I’ve been on a short vacation visiting family the past two weeks. I left by plane just one day before the “terrorists carrying water bottles” threat, so my trip west was uneventful.
Ten fun-filled days later, I once again found myself at an airport.
To give credit to the airport workers, things went about as smoothly as you could expect given the new regulations they have to enforce, but the whole process was far more painful than before the new rules.
To start with, some people don’t watch the news or read the paper, I suppose, because they end up moving half their carry-on bag contents into their checked baggage at the check-in counter. It took the couple in line in front of me about 30 minutes to get through.
Then at the security gate things were slowed down again (though not as badly as at the checkin) as the really, really dense people who didn’t pay attention to the news OR the person at the checkin counter OR the big display in front of the security area STILL had lighters, lotions and water bottles in their bags.
Those complaints don’t reflect too badly on the airlines or the airport, since those of us who took a little time to sort through purses and carry on bags still pretty much whizzed through check-in and security at normal speed.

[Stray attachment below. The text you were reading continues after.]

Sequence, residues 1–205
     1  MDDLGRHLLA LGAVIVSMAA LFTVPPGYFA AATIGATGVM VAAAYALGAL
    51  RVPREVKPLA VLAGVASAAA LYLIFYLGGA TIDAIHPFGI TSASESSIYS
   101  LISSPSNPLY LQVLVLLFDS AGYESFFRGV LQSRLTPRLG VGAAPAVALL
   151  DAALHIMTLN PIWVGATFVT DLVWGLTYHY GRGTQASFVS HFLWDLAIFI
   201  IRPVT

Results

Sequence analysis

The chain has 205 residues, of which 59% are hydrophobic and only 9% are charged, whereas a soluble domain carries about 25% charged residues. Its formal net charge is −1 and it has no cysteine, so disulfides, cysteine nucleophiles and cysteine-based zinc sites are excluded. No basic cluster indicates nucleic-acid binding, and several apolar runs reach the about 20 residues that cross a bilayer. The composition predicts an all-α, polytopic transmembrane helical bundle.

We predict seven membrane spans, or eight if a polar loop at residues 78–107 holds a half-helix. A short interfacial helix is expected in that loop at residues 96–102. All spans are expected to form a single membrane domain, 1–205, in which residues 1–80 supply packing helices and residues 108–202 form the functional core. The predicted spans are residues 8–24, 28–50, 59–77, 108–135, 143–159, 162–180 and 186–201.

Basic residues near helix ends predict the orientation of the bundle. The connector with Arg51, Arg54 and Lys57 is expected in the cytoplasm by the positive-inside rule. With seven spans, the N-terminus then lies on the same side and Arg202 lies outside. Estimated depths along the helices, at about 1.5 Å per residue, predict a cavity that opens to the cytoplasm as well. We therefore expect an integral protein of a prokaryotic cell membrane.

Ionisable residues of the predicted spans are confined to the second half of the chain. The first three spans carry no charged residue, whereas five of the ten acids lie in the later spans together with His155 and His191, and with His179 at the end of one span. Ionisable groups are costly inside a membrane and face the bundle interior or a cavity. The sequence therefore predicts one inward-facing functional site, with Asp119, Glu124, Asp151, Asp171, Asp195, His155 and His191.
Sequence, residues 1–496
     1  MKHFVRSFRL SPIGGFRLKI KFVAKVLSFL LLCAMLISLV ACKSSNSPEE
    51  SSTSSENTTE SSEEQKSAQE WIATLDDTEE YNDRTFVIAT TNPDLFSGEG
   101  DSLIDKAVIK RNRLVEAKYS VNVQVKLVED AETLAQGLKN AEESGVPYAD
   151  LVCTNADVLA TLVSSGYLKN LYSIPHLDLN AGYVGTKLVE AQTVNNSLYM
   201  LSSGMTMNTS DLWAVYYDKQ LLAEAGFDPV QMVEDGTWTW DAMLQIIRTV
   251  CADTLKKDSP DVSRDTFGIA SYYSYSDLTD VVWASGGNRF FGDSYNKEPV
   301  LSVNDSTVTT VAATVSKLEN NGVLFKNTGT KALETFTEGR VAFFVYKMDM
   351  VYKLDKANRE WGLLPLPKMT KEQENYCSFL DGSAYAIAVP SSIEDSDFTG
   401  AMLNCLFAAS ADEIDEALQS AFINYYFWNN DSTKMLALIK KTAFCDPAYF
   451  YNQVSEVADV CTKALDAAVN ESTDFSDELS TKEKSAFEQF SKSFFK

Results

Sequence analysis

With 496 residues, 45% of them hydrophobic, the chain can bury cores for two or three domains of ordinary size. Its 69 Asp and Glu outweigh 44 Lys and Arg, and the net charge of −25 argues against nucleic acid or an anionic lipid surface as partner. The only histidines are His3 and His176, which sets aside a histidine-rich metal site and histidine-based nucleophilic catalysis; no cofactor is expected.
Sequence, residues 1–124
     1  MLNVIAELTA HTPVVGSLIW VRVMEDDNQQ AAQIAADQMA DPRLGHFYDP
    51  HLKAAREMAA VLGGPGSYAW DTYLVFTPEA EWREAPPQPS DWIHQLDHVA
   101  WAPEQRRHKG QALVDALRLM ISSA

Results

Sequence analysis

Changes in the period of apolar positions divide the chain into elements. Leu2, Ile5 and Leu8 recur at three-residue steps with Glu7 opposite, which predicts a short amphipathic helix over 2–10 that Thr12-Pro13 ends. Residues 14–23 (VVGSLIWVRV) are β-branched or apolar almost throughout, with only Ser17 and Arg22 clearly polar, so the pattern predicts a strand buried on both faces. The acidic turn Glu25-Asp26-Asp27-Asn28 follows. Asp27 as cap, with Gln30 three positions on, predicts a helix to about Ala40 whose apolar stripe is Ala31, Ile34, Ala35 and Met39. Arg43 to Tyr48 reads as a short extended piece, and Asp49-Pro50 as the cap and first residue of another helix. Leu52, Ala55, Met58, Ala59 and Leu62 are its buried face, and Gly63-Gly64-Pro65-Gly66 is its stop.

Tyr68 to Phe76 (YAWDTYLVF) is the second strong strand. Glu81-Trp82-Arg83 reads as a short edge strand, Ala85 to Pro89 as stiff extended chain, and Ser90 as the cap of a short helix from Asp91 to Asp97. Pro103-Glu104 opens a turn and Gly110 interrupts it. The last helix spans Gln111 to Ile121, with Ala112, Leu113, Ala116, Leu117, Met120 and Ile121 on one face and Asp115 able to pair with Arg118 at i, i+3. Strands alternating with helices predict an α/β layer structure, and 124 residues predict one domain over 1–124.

But what really irked me was that, once past security, you still couldn’t buy a coke from a vending machine or bottled water.
I know those are the new rules, but if (as I was) you’re travelling with a young child or if the flight is delayed (as ours was), it is a major pain in the butt. As I stood in line at a Starbucks half way across the airport from our gate to buy a way too expensive smoothie for my thirsty son (since it was either that or a beer a lounge), I thoughtÂ that a smart airline would serve complementary beverages in the waiting area for anyone who has a valid boarding pass with their airline.
I know it would have been appreciated by many by our gate waiting for our late-to-arrive aircraft. And it would make me far more likely to use the airline that adapted to serve the needs of its customers in inconvenient circumstances in the future.